In Gladwell’s view, group behavior is a function of social context and small changes can influence a positive overall environment that is conducive for trends to occur. Broken windows can tip normal levels of crime into an epidemic; fixing them can instigate a positive epidemic and a reduction in crime. Gladwell gives the example of a radical tip in crime rates in New York in the 1980s and 1990s. By focusing on apparently trivial issues, such as graffiti on trains, fare dodging and aggressive panhandling (begging), the authorities influenced the much bigger crime picture in a very positive way.

The audience too is contextual. Large numbers of people reinforce trends more quickly, and create a tipping point more effectively. However, it is not simply a case of ‘the more, the merrier’; there is a ceiling on the number of people required. This is what Gladwell refers to as the ‘rule of 150’. Put simply, 150 is the maximum number of people one is able to have a genuine social relationship with. Anthropological research has shown this to hold true in numerous societies throughout history, and the same can be seen in the military and many corporations. The right number of people creates a suitable social environment for a trend to tip, since the tipping point depends on the efficiency and intimacy of interpersonal relationships.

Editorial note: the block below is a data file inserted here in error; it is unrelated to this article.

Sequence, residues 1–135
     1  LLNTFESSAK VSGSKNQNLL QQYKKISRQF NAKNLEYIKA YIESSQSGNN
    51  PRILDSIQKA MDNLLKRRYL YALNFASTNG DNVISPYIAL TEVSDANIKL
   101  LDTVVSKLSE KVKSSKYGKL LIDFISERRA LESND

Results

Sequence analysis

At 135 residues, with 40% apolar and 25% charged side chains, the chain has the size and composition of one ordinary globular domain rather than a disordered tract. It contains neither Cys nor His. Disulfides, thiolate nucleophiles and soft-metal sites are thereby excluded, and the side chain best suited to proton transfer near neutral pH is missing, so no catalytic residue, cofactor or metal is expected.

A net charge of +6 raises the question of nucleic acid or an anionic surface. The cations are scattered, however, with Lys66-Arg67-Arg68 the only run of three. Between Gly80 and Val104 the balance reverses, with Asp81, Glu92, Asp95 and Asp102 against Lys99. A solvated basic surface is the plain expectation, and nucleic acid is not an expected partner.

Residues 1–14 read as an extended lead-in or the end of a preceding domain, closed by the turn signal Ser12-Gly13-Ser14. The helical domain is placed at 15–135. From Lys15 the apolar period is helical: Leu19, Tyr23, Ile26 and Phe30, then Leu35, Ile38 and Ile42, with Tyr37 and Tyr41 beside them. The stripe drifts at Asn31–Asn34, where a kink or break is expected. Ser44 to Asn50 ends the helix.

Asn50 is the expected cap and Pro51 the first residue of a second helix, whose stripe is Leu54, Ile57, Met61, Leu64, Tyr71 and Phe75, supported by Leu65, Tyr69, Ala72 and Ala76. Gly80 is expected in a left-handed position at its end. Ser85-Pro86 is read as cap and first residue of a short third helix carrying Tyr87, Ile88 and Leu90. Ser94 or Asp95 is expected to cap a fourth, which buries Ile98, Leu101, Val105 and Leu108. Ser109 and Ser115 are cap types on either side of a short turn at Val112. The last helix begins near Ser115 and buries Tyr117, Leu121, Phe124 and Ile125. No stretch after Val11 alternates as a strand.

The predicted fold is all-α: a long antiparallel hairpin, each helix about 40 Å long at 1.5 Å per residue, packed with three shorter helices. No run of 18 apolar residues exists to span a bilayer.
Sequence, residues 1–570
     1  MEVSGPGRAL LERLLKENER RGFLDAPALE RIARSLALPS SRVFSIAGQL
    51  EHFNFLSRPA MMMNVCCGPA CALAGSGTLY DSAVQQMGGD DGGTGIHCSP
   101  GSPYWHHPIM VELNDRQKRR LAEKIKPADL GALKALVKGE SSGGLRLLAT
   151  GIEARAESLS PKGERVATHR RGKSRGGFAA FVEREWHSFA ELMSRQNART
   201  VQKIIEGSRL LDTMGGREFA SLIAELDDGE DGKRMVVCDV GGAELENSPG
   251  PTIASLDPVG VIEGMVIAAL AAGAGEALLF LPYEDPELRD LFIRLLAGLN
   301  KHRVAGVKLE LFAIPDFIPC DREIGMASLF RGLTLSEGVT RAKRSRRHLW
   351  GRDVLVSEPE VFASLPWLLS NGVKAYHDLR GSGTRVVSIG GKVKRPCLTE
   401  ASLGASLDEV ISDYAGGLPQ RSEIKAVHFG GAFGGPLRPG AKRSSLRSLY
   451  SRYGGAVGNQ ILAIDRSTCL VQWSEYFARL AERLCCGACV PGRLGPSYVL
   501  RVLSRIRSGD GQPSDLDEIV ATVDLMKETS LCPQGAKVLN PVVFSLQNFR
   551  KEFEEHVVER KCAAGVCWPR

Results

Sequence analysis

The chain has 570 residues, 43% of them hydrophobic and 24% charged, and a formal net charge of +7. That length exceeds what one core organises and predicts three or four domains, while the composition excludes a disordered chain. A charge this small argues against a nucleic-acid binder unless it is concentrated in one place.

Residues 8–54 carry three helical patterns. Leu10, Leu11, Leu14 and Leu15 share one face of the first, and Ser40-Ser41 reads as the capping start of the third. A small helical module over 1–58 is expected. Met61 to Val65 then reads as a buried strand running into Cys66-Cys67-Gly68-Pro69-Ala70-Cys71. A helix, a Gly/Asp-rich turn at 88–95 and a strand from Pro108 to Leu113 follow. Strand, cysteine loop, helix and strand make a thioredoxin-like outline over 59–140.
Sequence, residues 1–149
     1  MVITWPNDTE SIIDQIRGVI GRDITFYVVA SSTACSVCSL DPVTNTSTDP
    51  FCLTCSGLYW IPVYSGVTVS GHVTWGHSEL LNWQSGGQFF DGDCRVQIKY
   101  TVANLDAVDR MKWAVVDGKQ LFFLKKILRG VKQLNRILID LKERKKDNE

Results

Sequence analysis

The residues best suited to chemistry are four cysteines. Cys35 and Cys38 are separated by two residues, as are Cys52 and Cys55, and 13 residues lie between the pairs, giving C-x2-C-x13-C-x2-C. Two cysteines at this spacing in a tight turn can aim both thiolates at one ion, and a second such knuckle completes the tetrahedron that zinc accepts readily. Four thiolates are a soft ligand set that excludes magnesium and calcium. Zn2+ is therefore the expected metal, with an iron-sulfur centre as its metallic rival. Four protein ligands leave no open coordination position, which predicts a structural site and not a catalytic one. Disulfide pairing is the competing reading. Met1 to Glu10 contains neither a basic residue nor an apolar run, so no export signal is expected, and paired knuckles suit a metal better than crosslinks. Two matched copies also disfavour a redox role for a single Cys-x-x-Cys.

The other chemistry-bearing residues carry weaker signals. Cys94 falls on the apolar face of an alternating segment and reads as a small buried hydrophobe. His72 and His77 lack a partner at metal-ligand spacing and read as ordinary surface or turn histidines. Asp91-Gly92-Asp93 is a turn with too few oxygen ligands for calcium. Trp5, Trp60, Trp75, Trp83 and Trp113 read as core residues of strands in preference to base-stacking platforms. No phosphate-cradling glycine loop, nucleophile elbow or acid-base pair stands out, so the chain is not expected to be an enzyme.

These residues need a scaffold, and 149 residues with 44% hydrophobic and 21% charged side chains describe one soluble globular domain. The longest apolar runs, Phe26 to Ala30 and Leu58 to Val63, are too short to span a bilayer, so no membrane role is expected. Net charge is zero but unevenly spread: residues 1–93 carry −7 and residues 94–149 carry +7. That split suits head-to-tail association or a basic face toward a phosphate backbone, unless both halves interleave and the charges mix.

Connectors, mavens and salesmen work as translators, adapting ideas and information into a language that the rest of the population will ‘get’. These trend-setters then exploit their networks and peer influence to begin a chain reaction among other groups; the trigger point for an epidemic.

How real companies use Gladwell’s concepts